#sexworkstories #4 #toni

Read the fourth installment of our #sexworkstories series. As do all our stories, Toni’s challenges the myths and misconceptions about sex work. Her feelings about the work she does are complicated, as she says, “Before I got into the industry, I did other kinds of straight work, including managing some businesses. But sex work lets you be self-employed, pick your own hours, make more money for fewer hours worked. It does strip a bit from your soul, but what doesn’t these days? It’s not a “Pretty Woman” situation.”


I was born and raised in Victoria, and have worked in the sex industry since 1999. I’m 48 now, but started the work after my divorce, when it was too hard to manage the household and two kids on my own. I worked at an agency in Vancouver and then in Victoria, but when the Victoria agency got shut down by police years ago, I started working outdoors. But these days I’m mostly indoors again.

Work has changed a lot in the last three years. I work off my phone mostly for my regulars, and prefer not to go out at night if I don’t have to, although I still go out if I need a little entertainment or if the phone’s not ringing. I spent 12 weeks in hospital after getting sucker-punched by a jealous outdoor worker five years ago, which broke my jaw, so I haven’t wanted to work outdoors much since then.

Most people don’t realize the dangers out there. You’d think there’d be more facilities for girls to work indoors. Agencies can be good, but they take a serious cut of what you earn – sometimes more than 50 per cent. I work out of my apartment every now and then with a few of my regulars, but mostly I try not to. This is my home, my safe zone.

Before I got into the industry, I did other kinds of straight work, including managing some businesses. But sex work lets you be self-employed, pick your own hours, make more money for fewer hours worked. It does strip a bit from your soul, but what doesn’t these days? It’s not a “Pretty Woman” situation.

Things have changed since the early days when I started. There’s a lot less business out there on the street, and a lot of the clients are much more uneasy about picking you up, because if they get pulled over more than once, they tell me that’s when police charge them. I didn’t really see any change when the new laws were introduced in 2014 and clients were criminalized, but on the street it’s always been mostly “out of sight, out of mind.” People are pretty lenient about the stroll as long as they don’t have to see it.

I wish our relation with police was more like having a liaison who we can talk to comfortably. As it is, you never know what you’re going to get with the police – some are OK, others are quite rude and say horrible stuff to us.

They aren’t monitoring us too much here in Victoria, but they make their presence known, and there have been nights where we’ve seen a police car on the street at least every 15 minutes. When they do that, it definitely deters people from stopping. Some of the clients are even starting to walk up to book the date now, to avoid risking getting pulled over.

I know the police think they’re helping us. But they’re not. They’re infringing on our work.

The clients are mostly normal people. There are a few bad dates who give everyone a bad name, though, and they have an impact. I’ve got a former roommate who has never been the same after being raped, beaten and left for dead in a park a few years ago. Lately, there has been a lot of new girls out there, and more bad dates. I think there are a lot of people who never report their bad dates, and I definitely know that these girls would go to Peers Victoria Resource Society to report them before they’d go to the police.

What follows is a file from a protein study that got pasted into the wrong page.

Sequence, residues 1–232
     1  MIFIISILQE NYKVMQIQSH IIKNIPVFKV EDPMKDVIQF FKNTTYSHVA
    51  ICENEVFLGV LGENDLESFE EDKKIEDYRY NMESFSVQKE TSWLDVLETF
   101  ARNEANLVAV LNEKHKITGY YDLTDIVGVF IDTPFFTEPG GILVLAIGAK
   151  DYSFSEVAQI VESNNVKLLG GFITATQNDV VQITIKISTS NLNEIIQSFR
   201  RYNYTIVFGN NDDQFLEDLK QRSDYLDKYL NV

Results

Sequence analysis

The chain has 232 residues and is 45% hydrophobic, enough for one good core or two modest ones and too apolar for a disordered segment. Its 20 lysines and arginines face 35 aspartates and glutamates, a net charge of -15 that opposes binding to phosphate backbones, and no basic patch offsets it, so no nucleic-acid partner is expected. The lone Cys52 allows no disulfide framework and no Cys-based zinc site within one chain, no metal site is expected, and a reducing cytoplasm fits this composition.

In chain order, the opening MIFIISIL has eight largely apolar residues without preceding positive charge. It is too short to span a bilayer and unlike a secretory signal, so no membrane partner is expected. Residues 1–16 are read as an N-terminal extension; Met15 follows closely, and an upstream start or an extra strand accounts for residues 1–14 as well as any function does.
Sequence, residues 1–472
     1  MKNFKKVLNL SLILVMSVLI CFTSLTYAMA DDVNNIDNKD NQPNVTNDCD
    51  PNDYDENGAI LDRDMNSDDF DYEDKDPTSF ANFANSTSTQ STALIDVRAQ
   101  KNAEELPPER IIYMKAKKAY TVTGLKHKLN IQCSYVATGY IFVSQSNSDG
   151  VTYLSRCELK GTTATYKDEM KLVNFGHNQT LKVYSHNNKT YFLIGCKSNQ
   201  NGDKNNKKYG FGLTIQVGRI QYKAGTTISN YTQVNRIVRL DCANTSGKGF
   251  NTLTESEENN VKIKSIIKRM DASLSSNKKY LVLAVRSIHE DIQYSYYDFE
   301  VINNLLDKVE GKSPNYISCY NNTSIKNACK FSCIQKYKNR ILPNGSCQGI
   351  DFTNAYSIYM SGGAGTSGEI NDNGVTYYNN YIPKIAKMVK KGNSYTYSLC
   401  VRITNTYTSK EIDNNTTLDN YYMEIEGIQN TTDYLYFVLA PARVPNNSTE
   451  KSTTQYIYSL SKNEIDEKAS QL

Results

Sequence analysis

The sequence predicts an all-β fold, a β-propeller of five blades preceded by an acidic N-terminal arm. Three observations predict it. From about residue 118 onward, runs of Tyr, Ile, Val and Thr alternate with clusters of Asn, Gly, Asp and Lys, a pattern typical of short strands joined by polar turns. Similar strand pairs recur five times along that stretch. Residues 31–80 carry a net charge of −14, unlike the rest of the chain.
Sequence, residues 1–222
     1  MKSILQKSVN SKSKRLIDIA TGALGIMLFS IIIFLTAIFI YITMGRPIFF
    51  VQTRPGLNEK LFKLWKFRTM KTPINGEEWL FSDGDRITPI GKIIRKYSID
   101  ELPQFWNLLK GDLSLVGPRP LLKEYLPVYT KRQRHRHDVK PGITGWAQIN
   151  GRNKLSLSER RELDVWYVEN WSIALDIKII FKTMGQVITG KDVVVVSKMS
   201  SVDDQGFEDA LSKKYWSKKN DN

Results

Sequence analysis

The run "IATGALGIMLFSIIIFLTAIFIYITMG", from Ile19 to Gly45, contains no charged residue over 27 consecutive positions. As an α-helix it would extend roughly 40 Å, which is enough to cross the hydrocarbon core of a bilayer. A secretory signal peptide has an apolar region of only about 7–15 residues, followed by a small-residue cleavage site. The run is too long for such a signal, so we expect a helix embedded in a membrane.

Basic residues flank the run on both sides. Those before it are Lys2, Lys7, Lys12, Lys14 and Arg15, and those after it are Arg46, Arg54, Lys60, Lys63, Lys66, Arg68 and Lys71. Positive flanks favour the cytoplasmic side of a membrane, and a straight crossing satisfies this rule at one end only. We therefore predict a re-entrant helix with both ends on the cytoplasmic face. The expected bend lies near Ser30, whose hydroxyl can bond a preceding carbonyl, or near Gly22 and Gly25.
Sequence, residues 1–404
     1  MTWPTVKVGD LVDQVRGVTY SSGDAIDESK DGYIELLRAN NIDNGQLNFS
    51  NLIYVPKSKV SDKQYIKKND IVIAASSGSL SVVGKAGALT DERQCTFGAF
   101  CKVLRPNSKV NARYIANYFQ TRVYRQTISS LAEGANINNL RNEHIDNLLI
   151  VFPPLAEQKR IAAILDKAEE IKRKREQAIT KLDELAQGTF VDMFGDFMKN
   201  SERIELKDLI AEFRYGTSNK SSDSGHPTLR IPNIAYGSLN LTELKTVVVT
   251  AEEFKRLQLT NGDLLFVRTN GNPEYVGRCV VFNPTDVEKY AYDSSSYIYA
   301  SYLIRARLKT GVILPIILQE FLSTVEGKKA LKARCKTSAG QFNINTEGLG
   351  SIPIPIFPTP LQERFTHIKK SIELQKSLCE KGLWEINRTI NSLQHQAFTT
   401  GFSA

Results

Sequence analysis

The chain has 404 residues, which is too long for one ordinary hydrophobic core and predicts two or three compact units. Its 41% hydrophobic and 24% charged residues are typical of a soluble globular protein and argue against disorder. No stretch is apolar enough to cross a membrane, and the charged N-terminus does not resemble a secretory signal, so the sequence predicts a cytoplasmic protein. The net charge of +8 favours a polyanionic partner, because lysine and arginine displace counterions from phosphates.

Usually I just hop into the car with a client and we go around the block, and if I don’t like the vibe, I get out. It would be better to be able to assess things before I got in the car, but you can’t do that with the laws the way they are, because the clients don’t want to get pulled over. I’ve been pulled over by the police in vehicles where they tell me to leave, and then keep the guy there.

I connected to Peers first through outreach. They’re like the surrogate mother for us girls. Most of us don’t have family. Five years ago, I was so unhealthy, addicted, no housing, struggling along with a broken jaw on the street. I’d been out there for two weeks with the broken jaw when Peers just grabbed onto me. They put me in a hotel, got me something to eat, helped me find this apartment where I’ve been living for three years now. Peers really got the ball rolling for me.

If it was up to me to help people working outdoors in the industry, I would have a big house where workers could eat and sleep and live but couldn’t bring clients, and a rooming house kind of place where you could bring clients. I guess that’s almost like an escort agency, but this would be more like an agency or a non-profit. For sure I support decriminalization. In a lot of ways that’s already happened anyway, but not in our relations on stroll with the police.

I would love to see a plain-clothes police officer working right out of Peers, coming out on the van with outreach every night – someone who could take a bad-date report right then and there, and hear about them right after they’ve happened. If there was someone in plain clothes who you could actually talk to without fear and who wasn’t scaring away the clients, who knows, it just might bring a lot of the bad dates to a halt.

But it would have to be the kind of officer who knew when to turn a blind eye, because there are a lot of complicated reasons why people don’t report their bad dates to police right now. They might have drug addictions, or warrants out for their arrests, or are worried they could lose their kids if someone knew the work they did. There would have to be a lot of trust with whoever this police officer is.